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Star Trek and the Intergalactic Asshole

The Intergalactic Asshole is a staple of Science Fiction. Back from the pulp days to more modern versions like Poul Anderson’s Nicholas Van Rijn or George R.R. Martin’s Haviland Tuft or Star Trek. The Intergalactic Asshole travels around the galaxy, visiting new planets all the time and manipulating their society for his own purposes. Usually he takes an existing conflict or imbalance and forces the people and their leaders to rearrange their society to do things his way.

Sometimes the Intergalactic Asshole is an exploiter looking to cash in, like Van Rijn, often he’s looking to enforce his own idea of human captain kirkrights, like Captain Kirk, or animal rights, like Haviland Tuft. The Intergalactic Asshole has his own idea of how society should work. There’s often a determinism based on a simplistic idea of biology or economics or the environment which he believes makes people the way they are. What the Intergalactic Asshole does is rely on that idea to understand the aliens, their problems and turn their conflict on its head and impose a solution on them.

The Prime Directive of the Federation explicitly ruled out Intergalactic Asshole behavior, because it was a staple of galactic adventure tales. But Captain Kirk still played Intergalactic Asshole with a starship behind often enough for the Prime Directive to be an afterthought. With TNG the Intergalactic Asshole quota went down. Captain Picard would still occasionally play Intergalactic Asshole, but he was more likely to leave with a lecture and a disappointed look. Bad Science Fiction had plenty of stories in which aliens would arrive on earth only to decide that we were too primitive and violent to be worth including in their federation. In TNG we were the advanced aliens, visiting other races and punishing them with our disappointment. The alien visitors whose standards we couldn’t meet represented gods. With TNG we became the gods who were too good for them.

With Janeway the Intergalactic Asshole syndrome came roaring back. But Janeway was much more erratic than Kirk. Captain Kirk usually intervened because there were clear abuses going on. Janeway interfered randomly. Sometimes she walked away from oppression, other times she helped the oppressors. Sometimes she intervened, just because. She allied with the Borg, gave the Hirogen, holodeck technology and allied with them against the holograms. Archer stuck to the Intergalactic Asshole way, even though he didn’t have the firepower to back it up. He yelled at Vulcans and Andorians, either of whom could have swatted him like a fly. Because the habit was there from Voyager.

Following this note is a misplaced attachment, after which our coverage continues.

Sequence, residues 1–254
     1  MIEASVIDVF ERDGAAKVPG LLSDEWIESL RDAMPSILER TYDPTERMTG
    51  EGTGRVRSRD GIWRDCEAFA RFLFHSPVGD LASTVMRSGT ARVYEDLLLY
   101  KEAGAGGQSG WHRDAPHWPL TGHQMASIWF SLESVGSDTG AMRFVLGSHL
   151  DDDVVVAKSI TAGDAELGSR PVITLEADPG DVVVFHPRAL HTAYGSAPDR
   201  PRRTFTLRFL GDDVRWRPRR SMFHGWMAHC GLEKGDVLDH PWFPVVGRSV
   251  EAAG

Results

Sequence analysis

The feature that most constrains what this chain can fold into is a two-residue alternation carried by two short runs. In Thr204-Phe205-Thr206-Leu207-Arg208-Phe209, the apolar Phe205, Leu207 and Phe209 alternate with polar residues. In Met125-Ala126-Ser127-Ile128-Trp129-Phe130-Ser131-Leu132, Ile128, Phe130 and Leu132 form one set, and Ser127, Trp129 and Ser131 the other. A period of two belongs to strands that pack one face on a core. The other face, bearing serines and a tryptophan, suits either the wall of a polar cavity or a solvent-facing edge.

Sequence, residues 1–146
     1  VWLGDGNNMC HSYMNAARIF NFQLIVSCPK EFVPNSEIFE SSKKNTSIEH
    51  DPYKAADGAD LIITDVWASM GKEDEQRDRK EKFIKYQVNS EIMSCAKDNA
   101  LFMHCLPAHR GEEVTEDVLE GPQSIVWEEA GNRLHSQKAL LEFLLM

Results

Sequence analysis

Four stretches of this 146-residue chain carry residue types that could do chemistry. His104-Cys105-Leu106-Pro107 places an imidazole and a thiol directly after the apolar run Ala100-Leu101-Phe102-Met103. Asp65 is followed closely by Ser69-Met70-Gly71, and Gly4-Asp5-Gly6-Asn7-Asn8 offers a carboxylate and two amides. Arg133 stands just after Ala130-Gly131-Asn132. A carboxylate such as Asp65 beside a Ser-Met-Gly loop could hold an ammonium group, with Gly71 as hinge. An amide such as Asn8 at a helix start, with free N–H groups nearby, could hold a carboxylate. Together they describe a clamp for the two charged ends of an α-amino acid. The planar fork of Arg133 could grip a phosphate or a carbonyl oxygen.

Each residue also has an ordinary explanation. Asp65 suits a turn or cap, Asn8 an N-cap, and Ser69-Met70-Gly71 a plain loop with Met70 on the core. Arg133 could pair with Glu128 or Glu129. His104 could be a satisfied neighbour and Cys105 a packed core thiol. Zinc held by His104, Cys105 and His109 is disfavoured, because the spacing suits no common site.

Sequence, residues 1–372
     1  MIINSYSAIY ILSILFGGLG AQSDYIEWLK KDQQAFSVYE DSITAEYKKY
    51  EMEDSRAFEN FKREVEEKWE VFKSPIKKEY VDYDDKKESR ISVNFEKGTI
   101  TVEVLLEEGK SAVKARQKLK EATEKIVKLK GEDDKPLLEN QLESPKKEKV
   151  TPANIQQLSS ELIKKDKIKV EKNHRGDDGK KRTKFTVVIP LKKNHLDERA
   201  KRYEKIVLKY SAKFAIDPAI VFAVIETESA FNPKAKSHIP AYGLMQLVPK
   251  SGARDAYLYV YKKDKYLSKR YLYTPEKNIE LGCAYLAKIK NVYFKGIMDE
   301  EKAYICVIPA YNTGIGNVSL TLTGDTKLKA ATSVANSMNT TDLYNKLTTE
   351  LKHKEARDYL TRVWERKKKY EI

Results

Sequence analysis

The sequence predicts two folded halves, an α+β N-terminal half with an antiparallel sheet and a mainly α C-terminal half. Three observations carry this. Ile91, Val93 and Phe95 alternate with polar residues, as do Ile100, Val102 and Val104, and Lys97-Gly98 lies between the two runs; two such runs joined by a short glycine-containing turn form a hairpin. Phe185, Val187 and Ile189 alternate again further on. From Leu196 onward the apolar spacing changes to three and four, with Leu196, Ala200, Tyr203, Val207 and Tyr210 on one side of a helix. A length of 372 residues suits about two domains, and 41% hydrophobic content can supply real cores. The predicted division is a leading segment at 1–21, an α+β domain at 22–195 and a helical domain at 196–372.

How viewers or readers react to the Intergalactic Asshole has less to do with the issue at hand and more to do with the character. Van Rijn nicholas van rijjn poul andersongot away with awful things, because he was entertaining and he sold his own libertarian spin on any issue. Haviland Tuft and his environmentalism appealed to an audience at the opposite political spectrum. But both were eccentrics who got a pass from both sides because they were more human, more personable, than their adversaries.

Captain Kirk could drag audiences into his Intergalactic Asshole approach to problems, because he seemed to really care and because he had senior officers who often disagreed with him and whose perspectives he took seriously. No Captain after him had that. Picard, Janeway and Archer did things their way and rarely bothered listening to anyone’s advice.

The Intergalactic Asshole is a power fantasy. He does the things that audiences would like to do. He’s a one man dictator setting societies to right by being smarter and tactically more powerful than them. He’s Batman with a starship, except he actually solves problems for good. He’s the authorial voice made omnipotent, lecturing, hectoring and telling readers how the world should be run.

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